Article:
Eschewing the predominant trend to build in concrete, Nripal Adhikary and Abari favour vernacular Nepali building materials and traditions
Abari has been shortlisted for the AR Emerging Architecture awards 2018
With one of the highest urbanisation rates in the world, Nepal is experiencing a parallel rate of concretisation. It is a story as old as the mechanical age – as agricultural settlements are abandoned in search of more reliable income, Nepal’s growing city centres have turned to the globalised standard for urban architecture, favouring an ideal of currency over a perception of the vernacular as primitive.
Madan Puraskar Pustakalaya
In response to the lack of any government or private agencies being involved in the preservation or promotion of vernacular architecture, Nripal Adhikary founded Abari, a research and design firm that focuses on the use of earth and bamboo in contemporary design. Aside from a deep cultural association with Nepali architecture, earth and bamboo are locally abundant and have minimal embodied environmental cost – still, institutions remain resistant to their adoption. Adhikary explains that the existing institutional bias against the use of traditional materials has intensified since the earthquake in 2015. Generated and perpetuated by both local government and international aid agencies, he reveals that vernacular building traditions are not only perceived to be primitive, but are also regarded as unsafe.
Abari hope to mitigate this fear of instability, and institutional claims of a lack of data, through their research lab for material testing, which they developed with Kathmandu University and the International Network for Bamboo and Rattan. The results of this research are disseminated in projects such as Madan Puraskar Pustakalaya, the reconstruction of a library and archive for Nepali literature in Patan, just south of Kathmandu. This project is significant in proving a level of scale and formality achievable in materials that are generally perceived as having a smaller scope, especially in its role as a public building in an urban centre.
Abari drawing madan
The library’s great span is achieved with a system of free-standing bamboo trusses, which burst through wattle-and-daub walls to hold the roof. Abari explain that the strength and flexibility of the bamboo are what gives the building its resistance to earthquake damage, while the earthen walls regulate humidity and temperature. To this end, a central core of rammed earth stands proud of the rest, its mass a counterpoint to the lightweight and breathable daub.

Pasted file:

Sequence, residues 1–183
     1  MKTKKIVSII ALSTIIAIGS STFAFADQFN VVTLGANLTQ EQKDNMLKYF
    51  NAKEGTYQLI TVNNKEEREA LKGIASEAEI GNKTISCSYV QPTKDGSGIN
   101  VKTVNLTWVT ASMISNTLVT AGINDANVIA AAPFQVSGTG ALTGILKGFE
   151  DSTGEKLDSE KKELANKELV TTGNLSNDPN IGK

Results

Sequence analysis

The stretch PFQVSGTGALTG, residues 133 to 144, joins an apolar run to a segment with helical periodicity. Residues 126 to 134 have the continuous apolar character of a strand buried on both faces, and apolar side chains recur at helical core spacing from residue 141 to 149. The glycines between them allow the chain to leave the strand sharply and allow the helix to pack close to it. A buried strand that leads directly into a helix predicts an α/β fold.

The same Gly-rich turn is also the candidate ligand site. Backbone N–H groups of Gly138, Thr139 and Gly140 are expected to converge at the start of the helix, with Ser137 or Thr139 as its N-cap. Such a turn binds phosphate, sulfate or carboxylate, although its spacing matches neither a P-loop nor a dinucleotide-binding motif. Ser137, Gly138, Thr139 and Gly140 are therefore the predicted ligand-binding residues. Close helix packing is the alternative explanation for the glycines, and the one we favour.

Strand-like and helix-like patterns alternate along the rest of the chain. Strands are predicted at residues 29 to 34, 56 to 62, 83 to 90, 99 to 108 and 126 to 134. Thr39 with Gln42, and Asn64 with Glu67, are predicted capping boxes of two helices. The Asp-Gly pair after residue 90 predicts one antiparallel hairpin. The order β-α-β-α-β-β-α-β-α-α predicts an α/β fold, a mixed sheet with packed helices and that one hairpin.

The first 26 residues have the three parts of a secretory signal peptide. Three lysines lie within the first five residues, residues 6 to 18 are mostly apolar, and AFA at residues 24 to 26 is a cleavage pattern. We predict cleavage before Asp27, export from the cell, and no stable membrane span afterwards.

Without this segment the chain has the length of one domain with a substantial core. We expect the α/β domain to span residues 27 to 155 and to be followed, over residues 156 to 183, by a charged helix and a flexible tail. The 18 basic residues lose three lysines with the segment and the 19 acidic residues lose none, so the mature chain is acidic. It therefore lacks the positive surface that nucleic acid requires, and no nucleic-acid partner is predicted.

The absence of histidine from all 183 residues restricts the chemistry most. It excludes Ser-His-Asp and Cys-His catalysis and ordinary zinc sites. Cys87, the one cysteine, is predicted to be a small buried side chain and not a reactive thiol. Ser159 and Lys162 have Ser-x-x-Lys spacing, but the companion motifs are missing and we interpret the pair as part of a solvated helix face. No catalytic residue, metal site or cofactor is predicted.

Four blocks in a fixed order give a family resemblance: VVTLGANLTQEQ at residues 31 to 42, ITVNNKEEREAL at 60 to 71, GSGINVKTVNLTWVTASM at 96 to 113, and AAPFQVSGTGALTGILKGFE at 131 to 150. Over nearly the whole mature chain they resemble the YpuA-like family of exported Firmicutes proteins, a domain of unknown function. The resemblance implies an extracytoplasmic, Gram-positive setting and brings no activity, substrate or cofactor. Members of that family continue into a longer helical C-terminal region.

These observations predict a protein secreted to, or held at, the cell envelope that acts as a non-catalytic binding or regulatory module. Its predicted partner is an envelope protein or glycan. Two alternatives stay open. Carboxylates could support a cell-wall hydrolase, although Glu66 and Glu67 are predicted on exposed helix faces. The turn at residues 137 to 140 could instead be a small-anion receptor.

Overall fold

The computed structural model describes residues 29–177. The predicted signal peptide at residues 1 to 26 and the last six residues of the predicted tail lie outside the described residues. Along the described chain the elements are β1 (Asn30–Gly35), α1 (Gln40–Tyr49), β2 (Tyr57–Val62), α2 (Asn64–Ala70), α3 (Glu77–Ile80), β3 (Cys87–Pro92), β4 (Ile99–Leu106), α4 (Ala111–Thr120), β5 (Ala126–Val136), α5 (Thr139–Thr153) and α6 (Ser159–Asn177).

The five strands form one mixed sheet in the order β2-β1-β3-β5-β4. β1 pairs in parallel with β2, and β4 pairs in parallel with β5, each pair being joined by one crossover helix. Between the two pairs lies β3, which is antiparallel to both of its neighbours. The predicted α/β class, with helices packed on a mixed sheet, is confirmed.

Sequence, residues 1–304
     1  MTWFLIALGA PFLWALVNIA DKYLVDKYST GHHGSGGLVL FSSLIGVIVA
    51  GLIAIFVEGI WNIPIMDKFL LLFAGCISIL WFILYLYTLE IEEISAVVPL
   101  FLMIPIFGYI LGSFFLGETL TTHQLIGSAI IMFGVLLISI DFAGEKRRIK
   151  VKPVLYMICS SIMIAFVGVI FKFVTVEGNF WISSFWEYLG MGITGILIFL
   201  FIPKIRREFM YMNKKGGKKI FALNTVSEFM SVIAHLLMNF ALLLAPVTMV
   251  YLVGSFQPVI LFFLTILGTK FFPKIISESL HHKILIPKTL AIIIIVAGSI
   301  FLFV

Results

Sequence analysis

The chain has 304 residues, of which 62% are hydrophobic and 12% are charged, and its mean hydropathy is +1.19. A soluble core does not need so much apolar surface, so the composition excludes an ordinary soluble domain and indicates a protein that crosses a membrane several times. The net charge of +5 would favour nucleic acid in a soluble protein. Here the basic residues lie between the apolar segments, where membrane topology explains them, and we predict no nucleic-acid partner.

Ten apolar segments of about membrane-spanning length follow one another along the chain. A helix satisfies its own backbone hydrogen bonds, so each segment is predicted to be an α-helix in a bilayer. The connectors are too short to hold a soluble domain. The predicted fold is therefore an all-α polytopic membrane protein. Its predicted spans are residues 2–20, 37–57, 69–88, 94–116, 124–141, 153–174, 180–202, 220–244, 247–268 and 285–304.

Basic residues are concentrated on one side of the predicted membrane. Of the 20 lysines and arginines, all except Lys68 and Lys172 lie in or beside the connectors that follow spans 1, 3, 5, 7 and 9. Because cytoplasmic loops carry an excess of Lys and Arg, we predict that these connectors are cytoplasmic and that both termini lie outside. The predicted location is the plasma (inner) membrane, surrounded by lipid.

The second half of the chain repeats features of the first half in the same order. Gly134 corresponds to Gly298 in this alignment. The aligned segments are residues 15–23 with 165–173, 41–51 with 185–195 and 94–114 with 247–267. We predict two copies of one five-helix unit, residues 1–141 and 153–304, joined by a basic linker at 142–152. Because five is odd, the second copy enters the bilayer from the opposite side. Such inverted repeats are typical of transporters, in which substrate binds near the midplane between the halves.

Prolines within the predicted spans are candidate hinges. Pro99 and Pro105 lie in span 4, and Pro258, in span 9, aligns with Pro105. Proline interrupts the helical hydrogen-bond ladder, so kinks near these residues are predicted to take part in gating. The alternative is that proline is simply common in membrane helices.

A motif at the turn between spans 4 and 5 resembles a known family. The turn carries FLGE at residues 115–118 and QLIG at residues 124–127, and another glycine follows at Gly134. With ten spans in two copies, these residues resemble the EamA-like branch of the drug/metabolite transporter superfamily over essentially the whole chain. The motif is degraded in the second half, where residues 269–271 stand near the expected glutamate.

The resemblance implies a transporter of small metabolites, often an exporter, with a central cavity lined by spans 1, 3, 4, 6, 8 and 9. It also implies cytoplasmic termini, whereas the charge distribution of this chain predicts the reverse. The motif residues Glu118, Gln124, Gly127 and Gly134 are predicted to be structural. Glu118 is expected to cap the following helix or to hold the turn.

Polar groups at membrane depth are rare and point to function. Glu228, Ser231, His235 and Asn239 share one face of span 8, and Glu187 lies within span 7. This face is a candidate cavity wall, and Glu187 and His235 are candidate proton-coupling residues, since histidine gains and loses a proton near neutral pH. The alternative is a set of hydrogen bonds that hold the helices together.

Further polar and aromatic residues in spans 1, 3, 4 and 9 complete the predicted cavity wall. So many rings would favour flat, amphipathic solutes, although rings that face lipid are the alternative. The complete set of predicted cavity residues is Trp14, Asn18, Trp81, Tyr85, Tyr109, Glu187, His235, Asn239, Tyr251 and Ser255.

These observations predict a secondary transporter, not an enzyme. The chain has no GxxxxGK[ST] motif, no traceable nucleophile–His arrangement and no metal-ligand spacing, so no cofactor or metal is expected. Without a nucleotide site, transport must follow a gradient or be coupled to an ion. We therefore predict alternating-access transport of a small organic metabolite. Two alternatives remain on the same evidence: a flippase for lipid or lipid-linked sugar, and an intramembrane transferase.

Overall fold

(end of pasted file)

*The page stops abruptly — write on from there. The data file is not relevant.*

The structure presents the built, material face of a practice that tends to focus more on comprehensive design solutions, on the holistic potential of earth and bamboo across Nepal: after the earthquake, it developed an open-source guide for both temporary and permanent reconstruction of classrooms and housing. Based on a design of compressed-earth bricks, the guide is bilingual and accessible, going step by step through how to identify different soil compositions – and despite the internet not being quite as widespread in Nepal as it is elsewhere, within the space of two weeks it was downloaded more than 100,000 times.
Abari drawings school
As for the potential of bamboo, in the village of Chitwan, Abari developed a strategy for nurturing rural communities suffering from years of monoculture and mechanised farming. Providing bamboo seedlings alongside training in bamboo-based crafts and sustainable management, they simultaneously stabilised the village’s barren riverbanks with a bamboo forest and installed a new avenue for the local economy.
Although this project was local, and specific – without anything near the reach of Abari’s open-source guides – it illustrates a prototype for an economy that counters the problems the practice identifies as the threat to Nepal’s rural settlements and has a positive vision for the future. It exemplifies Abari’s belief: ‘that one can live a healthy, creative, sustainable and prosperous life by harnessing the resources that surround us’.
Photographs: Ashesh Rajbansh, unless otherwise stated
This piece is featured in AR November issue on Emerging Architecture and the Netherlands – click here to purchase your copy today